Müller, Torsten 19 October 2005 (has links)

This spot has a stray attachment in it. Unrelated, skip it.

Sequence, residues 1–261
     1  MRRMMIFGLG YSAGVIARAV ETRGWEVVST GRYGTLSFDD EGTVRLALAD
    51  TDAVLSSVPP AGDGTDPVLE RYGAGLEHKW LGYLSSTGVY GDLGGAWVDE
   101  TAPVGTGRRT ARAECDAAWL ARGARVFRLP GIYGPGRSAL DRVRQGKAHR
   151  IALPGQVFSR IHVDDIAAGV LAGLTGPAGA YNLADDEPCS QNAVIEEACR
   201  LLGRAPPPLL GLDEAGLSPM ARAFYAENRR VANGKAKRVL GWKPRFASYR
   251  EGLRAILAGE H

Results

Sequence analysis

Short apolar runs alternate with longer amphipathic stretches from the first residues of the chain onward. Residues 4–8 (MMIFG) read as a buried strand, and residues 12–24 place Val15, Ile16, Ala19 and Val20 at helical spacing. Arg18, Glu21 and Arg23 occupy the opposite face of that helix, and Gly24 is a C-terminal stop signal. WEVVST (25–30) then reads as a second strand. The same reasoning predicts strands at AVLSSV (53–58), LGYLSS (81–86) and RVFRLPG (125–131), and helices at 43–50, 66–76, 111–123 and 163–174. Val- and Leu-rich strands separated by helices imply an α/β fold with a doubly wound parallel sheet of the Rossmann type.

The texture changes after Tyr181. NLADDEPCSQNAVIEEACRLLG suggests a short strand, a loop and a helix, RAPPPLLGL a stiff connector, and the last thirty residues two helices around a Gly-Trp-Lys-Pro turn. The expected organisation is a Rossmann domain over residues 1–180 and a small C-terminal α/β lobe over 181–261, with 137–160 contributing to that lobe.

Metal-Oxide-Silicon Field-Effect-Transistors with a layer of electrically isolated Si nanocrystals (NCs) embedded in the gate oxide are known to improve conventional floating gate flash memories. Data retention, program and erase speeds as well as the memory operation voltages can be substantially improved due to the discrete charge storage in the isolated Si NCs. Using ion beam synthesis, Si NCs can be fabricated along with standard CMOS processing. The optimization of the location and size of ion beam synthesized Si NCs requires a deeper understanding of the mechanisms involved, which determine (i) the built-up of Si supersaturation by high-fluence ion implantation and (ii) NC formation by phase separation. For that aim, process simulations have been conducted that address both aspects on a fundamental level and, on the other hand, are able to avoid tedious experiments. The built-up of a Si supersaturation by high-fluence ion implantation were studied using dynamic binary collision calculations with TRIDYN and have lead to a prediction of Si excess depth profiles in thin gate oxides of a remarkable quality. These simulations include in a natural manner high fluence implantation effects as target erosion by sputtering, target swelling and ion beam mixing. The second stage of ion beam synthesis is modeled with the help of a tailored kinetic Monte Carlo code that combines a detailed kinetic description of phase separation on atomic level with the required degree of abstraction that is necessary to span the timescales involved. Large ensembles of Si NCs were simulated reaching the late stages of NC formation and dissolution at simulation sizes that allowed a direct comparison with experimental studies, e.g. with electron energy loss resolved TEM investigations. These comparisons reveal a nice degree of agreement, e.g. in terms of predicted and observed precipitate morphologies for different ion fluences. However, they also point clearly onto impact of additional external influences as, e.g., the oxidation of implanted Si by absorbed humidity, which was identified with the help of these process simulations. Moreover, these simulations are utilized as a general tool to identify optimum processing regimes for a tailored Si NC formation for NC memories. It is shown that key properties for NC memories as the tunneling distance from the transistor channel to the Si NCs, the NC morphology, size and density can be adjusted accurately despite of the involved degree of self-organization. Furthermore, possible lateral electron tunneling between neighboring Si NCs is evaluated on the basis of the performed kinetic Monte Carlo simulations.